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An evaluation of an Internet-based approach to weight loss with low glycaemic load principles

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Abstract:

Abstract Background: 

The prevalence of overweight and obesity is increasing worldwide at an alarming rate. An Internet-based weight-loss programme has the potential to reach larger numbers of people than traditional face-to-face programmes. A growing body of evidence supports the use of low glycaemic load (GL) diets for weight loss. The present study aimed to investigate the efficacy of an Internet-based weight-loss programme that included foods with a low GL. Methods: 

One hundred and three volunteers, with a body mass index (BMI) ≥28 kg m−2, enrolled into an Internet weight-loss programme. A dietitian counselled participants over the Internet via weekly interactive chat rooms and monthly e-mails. Participants self-recorded body weight and food intake directly on to the Internet site. Weight, BMI and waist circumference were measured, and dietary data collected, at baseline and 6 months. Results: 

Seventy participants completed the 6-month weight-loss programme. Among these, mean weight, BMI and waist circumference significantly decreased by 3.5 kg (95% CI = 2.3–4.7), 1.2 kg m−2 (95% CI = 0.8–1.7) and 4.8 cm (95% CI = 2.8–6.8), of baseline values respectively (P < 0.001). Twenty-five (36%) of the 70 participants lost a clinically significant amount of weight (>5% of initial body weight). Conclusions:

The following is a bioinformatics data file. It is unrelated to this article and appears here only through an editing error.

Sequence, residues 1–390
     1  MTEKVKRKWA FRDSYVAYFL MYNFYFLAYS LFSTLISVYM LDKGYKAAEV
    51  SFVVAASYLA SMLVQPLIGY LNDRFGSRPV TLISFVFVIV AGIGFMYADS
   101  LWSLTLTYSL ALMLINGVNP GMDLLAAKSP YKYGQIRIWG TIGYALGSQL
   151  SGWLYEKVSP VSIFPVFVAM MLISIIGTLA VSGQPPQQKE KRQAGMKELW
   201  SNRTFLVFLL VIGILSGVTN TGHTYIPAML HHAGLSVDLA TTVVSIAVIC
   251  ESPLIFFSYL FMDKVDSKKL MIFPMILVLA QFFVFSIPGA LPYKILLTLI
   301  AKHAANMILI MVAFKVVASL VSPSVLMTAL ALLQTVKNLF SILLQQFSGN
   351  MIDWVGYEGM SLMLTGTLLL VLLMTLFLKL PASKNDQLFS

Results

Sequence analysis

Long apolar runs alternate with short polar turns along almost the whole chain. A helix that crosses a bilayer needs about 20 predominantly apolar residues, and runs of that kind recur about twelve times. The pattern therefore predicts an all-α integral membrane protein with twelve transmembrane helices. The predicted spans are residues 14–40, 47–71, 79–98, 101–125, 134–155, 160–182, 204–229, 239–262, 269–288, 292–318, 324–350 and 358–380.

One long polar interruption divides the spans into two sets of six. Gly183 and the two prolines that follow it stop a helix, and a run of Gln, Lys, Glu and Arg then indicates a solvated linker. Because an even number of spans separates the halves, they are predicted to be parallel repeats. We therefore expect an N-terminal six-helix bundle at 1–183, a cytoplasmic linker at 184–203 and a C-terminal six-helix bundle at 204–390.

This descriptive study has shown that an Internet-based weight-loss programme with low GL principles can promote weight loss. This type of intervention and approach could be used to enhance other weight-loss strategies.

Keywords: Internet-based diet; glycaemic index; glycaemic load; weight loss

Document Type: Research Article

DOI: https://doi.org/10.1111/j.1365-277X.2010.01138.x

Affiliations: 1: School of Health Professions, University of Plymouth, Plymouth, UK 2: New Zealand Institute for Plant & Food Research Limited, Christchurch, New Zealand 3: Campbell & Associates, Christchurch, New Zealand

Publication date: 2011-04-01

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